If you occasionally glance at the covers of personal-finance magazines, you sometimes get the idea that retirees - at least those who aren't plunging back into the workforce - are living the good life near the beach or by a golf course.
But for those who haven't fared as well financially, the course is much different. And it's certainly not pretty watching Mom and Dad head into their 80s with little left except their Social Security.
In my case, Mom has moved into an assisted-living home, which eats up two-thirds of my folks' Social Security check. My dad, who can't care for mom alone, still lives by himself in the home where I was raised.
Meanwhile, my sister hunts for a retirement community Dad could afford - if the house were sold. The next chapter has yet to be played out. But the message is clear: Start planning now.
My parents' situation isn't unusual. In fact, Americans wait 10 years too long to begin planning for long-term health care, according to a recent survey of 250 financial advisers by the International Association for Financial Planning, in Atlanta.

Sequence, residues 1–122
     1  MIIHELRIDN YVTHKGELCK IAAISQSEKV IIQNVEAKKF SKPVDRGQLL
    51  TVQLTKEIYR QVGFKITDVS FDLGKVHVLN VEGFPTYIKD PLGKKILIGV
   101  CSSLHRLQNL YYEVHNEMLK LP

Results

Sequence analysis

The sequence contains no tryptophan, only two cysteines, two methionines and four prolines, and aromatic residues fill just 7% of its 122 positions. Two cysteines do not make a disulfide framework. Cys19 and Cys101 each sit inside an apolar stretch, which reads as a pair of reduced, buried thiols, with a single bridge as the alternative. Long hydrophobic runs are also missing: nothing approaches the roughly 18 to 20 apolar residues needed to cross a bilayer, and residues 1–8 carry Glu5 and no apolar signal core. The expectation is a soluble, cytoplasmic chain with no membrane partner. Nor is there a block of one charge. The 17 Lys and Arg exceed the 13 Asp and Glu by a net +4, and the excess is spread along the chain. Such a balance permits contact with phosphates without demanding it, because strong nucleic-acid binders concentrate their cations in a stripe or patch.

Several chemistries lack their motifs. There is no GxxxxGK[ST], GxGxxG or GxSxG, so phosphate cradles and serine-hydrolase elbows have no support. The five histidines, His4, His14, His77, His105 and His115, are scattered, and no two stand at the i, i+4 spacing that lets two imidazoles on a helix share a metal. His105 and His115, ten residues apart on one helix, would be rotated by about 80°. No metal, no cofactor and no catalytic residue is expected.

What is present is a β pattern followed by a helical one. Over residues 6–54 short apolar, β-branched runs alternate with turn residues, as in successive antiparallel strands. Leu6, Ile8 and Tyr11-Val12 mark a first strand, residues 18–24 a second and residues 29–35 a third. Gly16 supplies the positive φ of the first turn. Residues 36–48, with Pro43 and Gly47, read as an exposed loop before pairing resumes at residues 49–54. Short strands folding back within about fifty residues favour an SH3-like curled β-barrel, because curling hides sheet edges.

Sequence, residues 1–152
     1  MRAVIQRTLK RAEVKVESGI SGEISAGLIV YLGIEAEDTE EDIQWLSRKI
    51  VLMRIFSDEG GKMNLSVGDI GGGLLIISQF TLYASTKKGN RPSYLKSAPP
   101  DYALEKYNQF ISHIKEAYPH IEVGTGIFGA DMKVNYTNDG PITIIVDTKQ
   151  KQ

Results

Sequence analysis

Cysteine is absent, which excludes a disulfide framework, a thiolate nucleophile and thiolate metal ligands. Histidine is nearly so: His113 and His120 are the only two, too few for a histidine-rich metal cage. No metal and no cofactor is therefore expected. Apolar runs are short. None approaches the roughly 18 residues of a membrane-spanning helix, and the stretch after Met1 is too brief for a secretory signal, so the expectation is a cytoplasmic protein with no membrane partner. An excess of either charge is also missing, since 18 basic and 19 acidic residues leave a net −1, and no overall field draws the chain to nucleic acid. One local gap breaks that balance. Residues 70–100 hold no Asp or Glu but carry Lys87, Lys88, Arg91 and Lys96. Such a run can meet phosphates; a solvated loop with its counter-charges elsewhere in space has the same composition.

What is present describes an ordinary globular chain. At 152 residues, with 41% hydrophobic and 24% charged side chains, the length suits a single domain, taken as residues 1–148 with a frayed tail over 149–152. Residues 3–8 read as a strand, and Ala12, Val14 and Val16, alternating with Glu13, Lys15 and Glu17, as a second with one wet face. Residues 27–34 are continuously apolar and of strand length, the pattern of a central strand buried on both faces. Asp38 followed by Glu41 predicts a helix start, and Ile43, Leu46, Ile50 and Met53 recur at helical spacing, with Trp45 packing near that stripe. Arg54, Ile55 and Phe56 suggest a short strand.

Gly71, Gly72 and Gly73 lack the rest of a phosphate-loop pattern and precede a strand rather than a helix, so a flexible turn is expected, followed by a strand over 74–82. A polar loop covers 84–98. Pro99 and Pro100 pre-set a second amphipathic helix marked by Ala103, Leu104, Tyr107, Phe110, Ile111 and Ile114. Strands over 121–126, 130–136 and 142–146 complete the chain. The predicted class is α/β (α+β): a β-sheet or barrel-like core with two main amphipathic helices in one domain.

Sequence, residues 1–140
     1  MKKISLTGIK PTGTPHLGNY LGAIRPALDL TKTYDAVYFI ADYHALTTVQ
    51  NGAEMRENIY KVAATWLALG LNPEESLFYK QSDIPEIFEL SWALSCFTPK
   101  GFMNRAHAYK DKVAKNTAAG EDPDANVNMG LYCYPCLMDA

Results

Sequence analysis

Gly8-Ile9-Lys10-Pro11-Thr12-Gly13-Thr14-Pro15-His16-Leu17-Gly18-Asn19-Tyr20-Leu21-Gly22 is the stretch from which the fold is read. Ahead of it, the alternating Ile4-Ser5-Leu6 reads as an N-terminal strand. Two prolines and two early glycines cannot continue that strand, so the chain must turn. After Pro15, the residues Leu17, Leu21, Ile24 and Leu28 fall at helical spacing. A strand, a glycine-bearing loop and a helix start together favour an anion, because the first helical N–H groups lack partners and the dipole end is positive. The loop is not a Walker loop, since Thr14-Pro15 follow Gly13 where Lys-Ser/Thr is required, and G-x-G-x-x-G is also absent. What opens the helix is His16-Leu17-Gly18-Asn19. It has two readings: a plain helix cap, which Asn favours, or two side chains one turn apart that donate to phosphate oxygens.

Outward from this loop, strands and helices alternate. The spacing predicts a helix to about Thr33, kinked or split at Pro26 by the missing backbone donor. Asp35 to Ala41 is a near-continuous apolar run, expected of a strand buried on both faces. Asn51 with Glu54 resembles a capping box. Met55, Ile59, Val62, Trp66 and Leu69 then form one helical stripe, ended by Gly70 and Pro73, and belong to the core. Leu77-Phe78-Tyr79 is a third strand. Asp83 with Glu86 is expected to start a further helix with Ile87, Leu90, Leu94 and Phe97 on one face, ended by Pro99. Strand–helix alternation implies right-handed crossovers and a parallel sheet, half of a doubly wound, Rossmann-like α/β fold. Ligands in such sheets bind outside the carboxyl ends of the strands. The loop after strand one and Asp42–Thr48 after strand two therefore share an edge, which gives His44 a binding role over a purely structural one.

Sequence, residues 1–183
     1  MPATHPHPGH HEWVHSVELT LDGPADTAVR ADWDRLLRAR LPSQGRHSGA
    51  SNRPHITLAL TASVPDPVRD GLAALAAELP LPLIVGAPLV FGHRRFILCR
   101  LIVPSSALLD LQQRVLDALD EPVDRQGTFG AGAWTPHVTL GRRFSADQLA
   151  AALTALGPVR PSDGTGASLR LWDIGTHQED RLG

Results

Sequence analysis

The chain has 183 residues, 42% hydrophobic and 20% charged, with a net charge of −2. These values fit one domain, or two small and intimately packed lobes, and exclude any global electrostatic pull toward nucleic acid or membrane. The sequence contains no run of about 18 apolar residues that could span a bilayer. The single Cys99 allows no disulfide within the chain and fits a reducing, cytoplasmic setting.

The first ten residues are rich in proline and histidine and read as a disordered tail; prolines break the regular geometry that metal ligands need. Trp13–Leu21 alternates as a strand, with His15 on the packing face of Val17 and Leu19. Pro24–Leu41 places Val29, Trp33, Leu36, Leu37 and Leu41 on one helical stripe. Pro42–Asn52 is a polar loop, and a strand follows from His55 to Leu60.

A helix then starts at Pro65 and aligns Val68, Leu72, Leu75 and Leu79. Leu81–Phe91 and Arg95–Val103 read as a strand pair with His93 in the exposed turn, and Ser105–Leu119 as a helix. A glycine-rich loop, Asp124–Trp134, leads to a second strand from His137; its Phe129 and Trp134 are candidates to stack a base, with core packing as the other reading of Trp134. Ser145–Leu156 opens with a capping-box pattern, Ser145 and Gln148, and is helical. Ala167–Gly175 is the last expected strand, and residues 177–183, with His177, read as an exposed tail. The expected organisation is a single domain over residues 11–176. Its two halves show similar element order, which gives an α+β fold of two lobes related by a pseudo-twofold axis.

Most of those surveyed said people should start planning in their 50s, but most wait until their 60s.
"By not planning, individuals risk becoming a financial burden on the family" and depleting hard-earned nest eggs, says Roy Diliberto, president of the Financial Planning Association in Atlanta.
Readers of this section sometimes suggest we focus too much on investing. But after reading our lead story about elder care, you might understand our persistence.
Putting a little more away now can lead to greener pastures for the golden years.
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